Question: I recently purchased 10 of your Golf Ball Plants. Three of them are alive and flourishing. 7 have died. They were purchased in late May. I watered them twice a week. In July brown spots started appearing on the end shrub. The brown spots grew until the whold plant turned brown and died - almost like it was never watered.

Then the plant next to that one did the same thing - then the next and the next. The 3 plants that survived received more shade than the 7 that died.

Do you have any suggestions should we decide to replace the 7 dead plants?

Answer: Pittosporum tenuifolium requires well draining soils or the plants will become stressed which can lead to root rot. The foliage will take on a brown color and the plant will die completely. The spots you describe sound like a fungal or bacterial disease, which, if left untreated, can also cause death of the plants. Brown or black spots and patches may be either ragged or circular, with a water soaked or yellow-edged appearance. Insects, rain, dirty garden tools, or even people can help its spread.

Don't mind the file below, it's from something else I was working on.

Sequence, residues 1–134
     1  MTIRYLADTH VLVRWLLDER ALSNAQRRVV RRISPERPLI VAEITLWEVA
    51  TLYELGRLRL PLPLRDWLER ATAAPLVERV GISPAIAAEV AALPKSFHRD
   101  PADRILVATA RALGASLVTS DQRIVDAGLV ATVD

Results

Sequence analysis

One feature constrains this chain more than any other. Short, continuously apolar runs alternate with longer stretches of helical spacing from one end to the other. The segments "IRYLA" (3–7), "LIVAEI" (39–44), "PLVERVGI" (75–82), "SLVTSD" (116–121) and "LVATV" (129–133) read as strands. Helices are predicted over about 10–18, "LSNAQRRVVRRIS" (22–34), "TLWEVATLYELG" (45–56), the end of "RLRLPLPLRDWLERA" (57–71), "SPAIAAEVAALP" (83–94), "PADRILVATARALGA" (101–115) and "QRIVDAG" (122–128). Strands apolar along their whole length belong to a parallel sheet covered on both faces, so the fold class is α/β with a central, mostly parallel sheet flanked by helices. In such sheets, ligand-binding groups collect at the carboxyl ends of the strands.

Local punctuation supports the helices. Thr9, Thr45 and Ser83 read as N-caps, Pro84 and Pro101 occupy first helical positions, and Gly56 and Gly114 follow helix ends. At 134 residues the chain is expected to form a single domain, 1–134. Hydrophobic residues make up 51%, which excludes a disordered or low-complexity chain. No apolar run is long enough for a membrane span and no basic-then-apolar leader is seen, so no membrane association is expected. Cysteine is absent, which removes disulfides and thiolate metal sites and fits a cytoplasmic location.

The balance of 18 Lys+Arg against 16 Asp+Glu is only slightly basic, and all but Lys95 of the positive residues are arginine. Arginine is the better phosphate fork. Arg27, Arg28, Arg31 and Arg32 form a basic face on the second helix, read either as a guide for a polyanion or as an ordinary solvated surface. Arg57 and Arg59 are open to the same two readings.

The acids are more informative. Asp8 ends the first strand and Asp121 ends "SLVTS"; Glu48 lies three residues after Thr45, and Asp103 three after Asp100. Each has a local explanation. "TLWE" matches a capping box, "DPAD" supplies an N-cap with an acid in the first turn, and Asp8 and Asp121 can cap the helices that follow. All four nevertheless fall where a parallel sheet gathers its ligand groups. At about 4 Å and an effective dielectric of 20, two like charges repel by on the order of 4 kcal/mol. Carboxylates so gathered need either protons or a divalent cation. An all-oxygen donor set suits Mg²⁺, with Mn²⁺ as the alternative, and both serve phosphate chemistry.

To prevent and control, remove infected leaves when the plant is dry. Leaves that collect around the base of the plant should be raked up and disposed of. Avoid overhead irrigation if possible; water should be directed at soil level. For fungal leaf spots, use a fungicide as soon as you notice the problem. Be sure to apply according to label directions.

« Click to go to the homepage

» Ask a question of your own

Q&A Library Searching Tips

  • When singular and plural spellings differ, as in peony and peonies, try both.
  • Search terms are not case sensitive.

Today's site banner is by Marilyn and is called "Southern Comfort"